Researchers use cheap underwater cameras and selfie sticks to drive down the cost of monitor plant life in lakes.
A nonprofit is monitoring the bugs, fish, and amphibia returning to Michigan’s Rouge River, one of the state’s historically dirtiest streams.
Research into the “rafting” of animals on plastics and other debris in the ocean after the 2011 tsunami reveals other insights.
The Waccamaw Riverkeeper describes water quality monitoring with volunteers and the challenges brought by Hurricane Florence.
Students are participating in citizen science in the Schuylkill River to learn more about their watershed and water quality parameters.
Researchers team up with citizen scientists to monitor the pristine waters of Alaska for invasive, fouling organisms.
Florida International University is deploying a data buoy to monitor for red tide, and educating citizen scientists on sea level rise.
New York City Urban Field Station and its partners strive to preserve, protect and promote New York City’s natural areas.
With the help of an underwater webcam, a project in Gibraltar is crowd-sourcing observations of marine life in a protected area.
Recent research explores how scientists integrate education and community outreach into their work at biological field stations across America.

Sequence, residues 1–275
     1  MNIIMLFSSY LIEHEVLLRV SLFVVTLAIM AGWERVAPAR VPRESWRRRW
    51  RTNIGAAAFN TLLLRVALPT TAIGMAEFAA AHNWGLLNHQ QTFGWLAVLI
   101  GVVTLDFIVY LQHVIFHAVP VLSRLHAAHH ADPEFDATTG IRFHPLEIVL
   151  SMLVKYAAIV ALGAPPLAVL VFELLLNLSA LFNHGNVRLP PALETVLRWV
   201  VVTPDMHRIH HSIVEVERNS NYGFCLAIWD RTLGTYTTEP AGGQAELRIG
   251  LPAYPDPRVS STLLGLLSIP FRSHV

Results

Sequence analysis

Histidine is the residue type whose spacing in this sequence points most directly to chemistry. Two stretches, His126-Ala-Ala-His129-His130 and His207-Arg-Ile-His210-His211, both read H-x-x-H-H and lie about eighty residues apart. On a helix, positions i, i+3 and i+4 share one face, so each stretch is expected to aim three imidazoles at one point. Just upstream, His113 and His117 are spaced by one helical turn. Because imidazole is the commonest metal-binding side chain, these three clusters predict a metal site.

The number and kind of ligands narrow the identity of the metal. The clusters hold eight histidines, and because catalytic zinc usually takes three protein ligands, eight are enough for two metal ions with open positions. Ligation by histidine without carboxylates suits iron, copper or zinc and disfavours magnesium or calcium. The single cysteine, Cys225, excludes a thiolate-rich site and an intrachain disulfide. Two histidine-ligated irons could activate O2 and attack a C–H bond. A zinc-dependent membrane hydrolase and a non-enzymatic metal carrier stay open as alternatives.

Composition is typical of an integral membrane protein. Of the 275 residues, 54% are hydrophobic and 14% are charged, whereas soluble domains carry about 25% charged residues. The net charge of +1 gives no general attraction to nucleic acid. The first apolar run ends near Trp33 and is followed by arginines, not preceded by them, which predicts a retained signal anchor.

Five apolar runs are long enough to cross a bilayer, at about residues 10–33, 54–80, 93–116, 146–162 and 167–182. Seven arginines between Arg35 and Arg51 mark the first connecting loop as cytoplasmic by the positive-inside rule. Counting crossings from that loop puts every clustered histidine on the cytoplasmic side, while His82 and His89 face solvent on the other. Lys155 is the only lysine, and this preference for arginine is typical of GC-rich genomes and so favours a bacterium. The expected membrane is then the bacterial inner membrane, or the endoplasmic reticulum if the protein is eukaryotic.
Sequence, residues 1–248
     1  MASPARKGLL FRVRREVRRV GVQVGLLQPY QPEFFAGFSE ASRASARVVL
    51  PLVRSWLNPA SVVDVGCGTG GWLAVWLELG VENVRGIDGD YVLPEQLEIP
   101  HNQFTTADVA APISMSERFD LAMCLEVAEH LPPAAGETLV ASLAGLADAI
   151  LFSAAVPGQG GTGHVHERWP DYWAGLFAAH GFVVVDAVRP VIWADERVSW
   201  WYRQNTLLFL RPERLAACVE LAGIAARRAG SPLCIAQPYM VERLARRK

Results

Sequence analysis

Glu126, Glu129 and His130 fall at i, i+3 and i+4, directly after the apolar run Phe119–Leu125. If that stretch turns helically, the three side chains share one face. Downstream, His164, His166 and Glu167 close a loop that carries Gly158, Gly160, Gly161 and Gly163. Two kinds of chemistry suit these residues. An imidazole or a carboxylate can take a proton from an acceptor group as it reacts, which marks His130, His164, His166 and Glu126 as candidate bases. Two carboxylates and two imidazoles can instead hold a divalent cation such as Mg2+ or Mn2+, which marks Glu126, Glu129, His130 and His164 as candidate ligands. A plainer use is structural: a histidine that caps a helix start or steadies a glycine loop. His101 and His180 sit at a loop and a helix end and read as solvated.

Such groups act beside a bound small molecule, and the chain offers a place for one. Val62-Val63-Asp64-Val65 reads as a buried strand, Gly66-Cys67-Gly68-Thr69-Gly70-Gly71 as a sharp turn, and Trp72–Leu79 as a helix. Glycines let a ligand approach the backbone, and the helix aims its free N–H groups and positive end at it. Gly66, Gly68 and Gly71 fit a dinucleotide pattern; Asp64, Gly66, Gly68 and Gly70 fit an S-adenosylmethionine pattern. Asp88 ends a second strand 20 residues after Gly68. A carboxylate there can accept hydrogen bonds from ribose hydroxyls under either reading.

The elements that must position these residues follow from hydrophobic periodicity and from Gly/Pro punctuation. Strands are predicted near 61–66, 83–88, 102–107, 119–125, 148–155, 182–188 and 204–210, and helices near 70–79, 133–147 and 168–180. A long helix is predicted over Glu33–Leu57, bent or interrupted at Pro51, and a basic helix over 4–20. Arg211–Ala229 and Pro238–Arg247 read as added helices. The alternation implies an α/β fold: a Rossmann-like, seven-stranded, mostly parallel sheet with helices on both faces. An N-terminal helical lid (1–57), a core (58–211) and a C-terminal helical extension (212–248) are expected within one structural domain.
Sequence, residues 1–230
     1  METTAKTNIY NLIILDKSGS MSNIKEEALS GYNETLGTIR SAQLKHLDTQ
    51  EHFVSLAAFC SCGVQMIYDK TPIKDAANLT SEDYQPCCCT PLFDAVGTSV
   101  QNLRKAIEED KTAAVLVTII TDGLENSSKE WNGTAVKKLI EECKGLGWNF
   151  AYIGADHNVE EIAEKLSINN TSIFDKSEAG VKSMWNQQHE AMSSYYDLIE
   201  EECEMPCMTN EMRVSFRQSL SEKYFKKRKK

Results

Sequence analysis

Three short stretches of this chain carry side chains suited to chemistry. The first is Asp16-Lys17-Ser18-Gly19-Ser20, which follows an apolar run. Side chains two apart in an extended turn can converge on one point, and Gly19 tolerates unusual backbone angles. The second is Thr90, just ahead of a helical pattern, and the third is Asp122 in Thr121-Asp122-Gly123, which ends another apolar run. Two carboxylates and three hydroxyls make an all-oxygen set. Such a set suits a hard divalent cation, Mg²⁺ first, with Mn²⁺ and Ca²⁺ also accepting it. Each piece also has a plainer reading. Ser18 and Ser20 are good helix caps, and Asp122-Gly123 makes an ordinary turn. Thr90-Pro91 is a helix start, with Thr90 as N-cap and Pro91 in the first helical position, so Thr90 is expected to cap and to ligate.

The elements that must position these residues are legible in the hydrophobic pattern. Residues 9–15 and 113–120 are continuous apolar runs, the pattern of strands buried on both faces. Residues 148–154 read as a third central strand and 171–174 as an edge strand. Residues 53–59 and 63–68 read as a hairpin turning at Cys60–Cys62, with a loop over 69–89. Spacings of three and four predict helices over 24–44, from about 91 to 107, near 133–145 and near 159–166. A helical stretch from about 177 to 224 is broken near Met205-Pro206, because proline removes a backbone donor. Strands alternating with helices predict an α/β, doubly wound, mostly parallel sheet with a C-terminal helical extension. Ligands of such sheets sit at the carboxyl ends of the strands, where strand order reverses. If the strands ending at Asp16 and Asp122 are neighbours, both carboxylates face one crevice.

The TMACOG program helps teachers foster environmental stewardship in students, both in and out of the classroom, through monitoring water quality.
The Hoosier Riverwatch Program is training more volunteers to monitor local waterways and share their data with the program online.
The Upper Oconee Watershed Network recently celebrated 20 years of water sampling and citizen science in Georgia.
The Virginia Tech citizen science water monitoring program that began in Flint has received new money for ongoing work.
A remedial action plan for the Bay of Quinte has citizen scientists Tweeting data about the location of osprey nests to protect the species and ecosystem.
Buzzards Bay Coalition shows the power of community involvement in protecting natural areas. Scientists and local volunteers actively monitor Bay health.
Nonprofit organization S4W-Nepal uses smartphone technology, citizen scientists, and DIY equipment to gather water data in the Kathmandu Valley.
Coosa River Basin Initiative takes the lead as the guardian of Upper Coosa River Basin, protecting wildlife and drinking water.
The Boise River Watershed Watch program is an increasingly popular citizen science program teaching volunteers about the river’s health and water quality.
Citizen scientists volunteering with the Washington Sea Grant have found an invasive green crab on San Juan Island, the first sighting in inland waters.